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The avian coccidiosis agent’s genes

Luis Miguel Bugallo Sánchez

Bird farm: disease attacks the gastrointestinal tract of animals, causing lossesLuis Miguel Bugallo Sánchez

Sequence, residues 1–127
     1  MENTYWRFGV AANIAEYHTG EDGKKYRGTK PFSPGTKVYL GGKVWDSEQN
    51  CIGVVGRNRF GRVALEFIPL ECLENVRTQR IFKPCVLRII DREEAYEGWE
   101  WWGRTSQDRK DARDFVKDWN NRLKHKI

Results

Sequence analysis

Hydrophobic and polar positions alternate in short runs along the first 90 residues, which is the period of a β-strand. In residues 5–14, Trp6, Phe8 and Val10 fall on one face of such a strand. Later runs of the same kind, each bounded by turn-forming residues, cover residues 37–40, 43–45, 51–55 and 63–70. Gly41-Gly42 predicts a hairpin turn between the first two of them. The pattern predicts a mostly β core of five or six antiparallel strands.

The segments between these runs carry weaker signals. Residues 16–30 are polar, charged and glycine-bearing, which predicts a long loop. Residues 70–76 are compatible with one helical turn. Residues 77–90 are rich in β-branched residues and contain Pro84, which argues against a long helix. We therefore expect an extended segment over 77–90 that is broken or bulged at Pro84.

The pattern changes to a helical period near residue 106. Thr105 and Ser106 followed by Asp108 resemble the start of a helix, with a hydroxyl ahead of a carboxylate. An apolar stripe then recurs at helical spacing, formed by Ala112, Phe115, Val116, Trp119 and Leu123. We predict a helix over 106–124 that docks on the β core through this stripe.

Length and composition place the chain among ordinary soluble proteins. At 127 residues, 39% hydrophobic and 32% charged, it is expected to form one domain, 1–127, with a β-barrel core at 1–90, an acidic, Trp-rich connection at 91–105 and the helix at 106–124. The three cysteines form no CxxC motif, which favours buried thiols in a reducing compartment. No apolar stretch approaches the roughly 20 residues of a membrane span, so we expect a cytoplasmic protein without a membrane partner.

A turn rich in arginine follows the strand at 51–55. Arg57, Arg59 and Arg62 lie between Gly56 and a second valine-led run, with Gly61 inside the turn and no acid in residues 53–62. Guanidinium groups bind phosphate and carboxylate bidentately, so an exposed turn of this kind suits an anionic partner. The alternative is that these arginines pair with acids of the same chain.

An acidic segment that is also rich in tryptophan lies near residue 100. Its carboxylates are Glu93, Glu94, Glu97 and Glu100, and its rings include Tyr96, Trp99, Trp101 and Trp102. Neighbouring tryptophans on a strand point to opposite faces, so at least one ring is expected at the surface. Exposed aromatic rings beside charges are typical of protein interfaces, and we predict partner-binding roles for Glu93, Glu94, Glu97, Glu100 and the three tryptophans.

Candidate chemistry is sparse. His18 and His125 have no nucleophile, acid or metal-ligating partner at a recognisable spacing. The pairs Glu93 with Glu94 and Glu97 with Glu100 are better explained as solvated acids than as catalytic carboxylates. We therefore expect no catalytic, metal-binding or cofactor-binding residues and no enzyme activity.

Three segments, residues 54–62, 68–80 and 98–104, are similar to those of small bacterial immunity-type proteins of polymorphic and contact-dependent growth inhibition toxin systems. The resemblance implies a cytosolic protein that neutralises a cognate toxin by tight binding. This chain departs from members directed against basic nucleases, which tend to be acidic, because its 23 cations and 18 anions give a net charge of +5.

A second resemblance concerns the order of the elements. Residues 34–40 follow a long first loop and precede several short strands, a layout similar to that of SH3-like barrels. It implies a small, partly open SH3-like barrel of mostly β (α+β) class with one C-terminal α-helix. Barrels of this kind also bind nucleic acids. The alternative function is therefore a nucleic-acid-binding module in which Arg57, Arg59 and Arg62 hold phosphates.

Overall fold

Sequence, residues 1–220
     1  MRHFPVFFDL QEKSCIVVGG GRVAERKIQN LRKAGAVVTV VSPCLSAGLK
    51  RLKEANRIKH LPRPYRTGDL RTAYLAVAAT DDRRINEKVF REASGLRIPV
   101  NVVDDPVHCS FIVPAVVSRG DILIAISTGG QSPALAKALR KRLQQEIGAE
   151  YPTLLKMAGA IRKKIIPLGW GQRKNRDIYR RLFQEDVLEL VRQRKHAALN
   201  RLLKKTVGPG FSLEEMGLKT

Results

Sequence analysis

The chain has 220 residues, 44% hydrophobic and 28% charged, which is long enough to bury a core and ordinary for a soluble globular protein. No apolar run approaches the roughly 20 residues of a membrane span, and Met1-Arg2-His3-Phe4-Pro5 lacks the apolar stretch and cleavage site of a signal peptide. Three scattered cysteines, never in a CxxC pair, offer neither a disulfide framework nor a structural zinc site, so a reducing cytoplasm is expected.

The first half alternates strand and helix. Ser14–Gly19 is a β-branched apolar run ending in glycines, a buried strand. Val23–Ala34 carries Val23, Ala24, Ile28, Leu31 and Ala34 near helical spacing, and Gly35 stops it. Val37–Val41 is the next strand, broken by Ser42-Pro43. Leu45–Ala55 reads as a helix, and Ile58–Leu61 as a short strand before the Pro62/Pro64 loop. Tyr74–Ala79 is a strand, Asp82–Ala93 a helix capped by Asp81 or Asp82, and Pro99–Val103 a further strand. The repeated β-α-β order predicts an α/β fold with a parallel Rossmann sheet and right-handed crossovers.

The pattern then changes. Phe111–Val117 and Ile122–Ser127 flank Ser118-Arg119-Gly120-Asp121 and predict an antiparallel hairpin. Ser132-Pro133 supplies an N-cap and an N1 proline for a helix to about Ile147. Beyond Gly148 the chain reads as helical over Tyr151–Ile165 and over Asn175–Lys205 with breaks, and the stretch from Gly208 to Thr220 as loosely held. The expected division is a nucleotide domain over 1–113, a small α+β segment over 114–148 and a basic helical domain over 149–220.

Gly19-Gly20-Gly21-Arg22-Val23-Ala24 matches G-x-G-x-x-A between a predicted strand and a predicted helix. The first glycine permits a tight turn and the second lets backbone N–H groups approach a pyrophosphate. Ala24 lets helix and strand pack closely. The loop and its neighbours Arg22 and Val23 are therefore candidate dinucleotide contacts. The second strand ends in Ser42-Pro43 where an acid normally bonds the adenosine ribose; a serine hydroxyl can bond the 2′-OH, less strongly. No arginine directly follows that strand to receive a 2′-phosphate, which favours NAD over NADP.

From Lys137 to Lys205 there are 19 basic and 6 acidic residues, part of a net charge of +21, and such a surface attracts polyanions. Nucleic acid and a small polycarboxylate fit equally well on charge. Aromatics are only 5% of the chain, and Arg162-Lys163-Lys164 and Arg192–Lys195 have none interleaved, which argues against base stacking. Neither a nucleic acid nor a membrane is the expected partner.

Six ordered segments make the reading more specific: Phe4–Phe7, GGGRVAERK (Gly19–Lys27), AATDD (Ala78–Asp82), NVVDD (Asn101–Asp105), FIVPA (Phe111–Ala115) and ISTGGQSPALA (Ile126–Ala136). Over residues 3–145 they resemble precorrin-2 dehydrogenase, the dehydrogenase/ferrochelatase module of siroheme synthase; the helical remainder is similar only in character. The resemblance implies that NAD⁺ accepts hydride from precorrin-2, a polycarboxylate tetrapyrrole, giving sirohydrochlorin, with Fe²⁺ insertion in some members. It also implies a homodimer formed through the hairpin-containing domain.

A group of researchers from the University of São Paulo (USP) have catalogued the genes of three important species of protozoans (Eimeria acervulina, E. maxima and E. tenella) that cause avian coccidiosis, a disease that affects the gastrointestinal tract of birds causing major losses to bird farmers (International Journal for Parasitology, January 2012). Instead of sequencing the genome of the organism, the research group, led by professors Alda Madeira and Arthur Gruber, from USP’s Institute of Biomedical Sciences, chose messenger RNAs as their target. These are molecules transcribed from the genome that code the proteins of a living being. The researchers compared the patterns of gene expression in six different life stages of the parasite and found clear associations between the position of these stages in the lifecycle of the protozoan and their respective genic profiles. Knowledge of the transcribed genes and their patterns of expressions may lead to a broader understanding of the molecular mechanisms that control the parasite’s path and, therefore, to the development of more specific strategies for fighting this disease, such as a new generation of medication or the identification of molecules that could be used, potentially, to create a vaccine.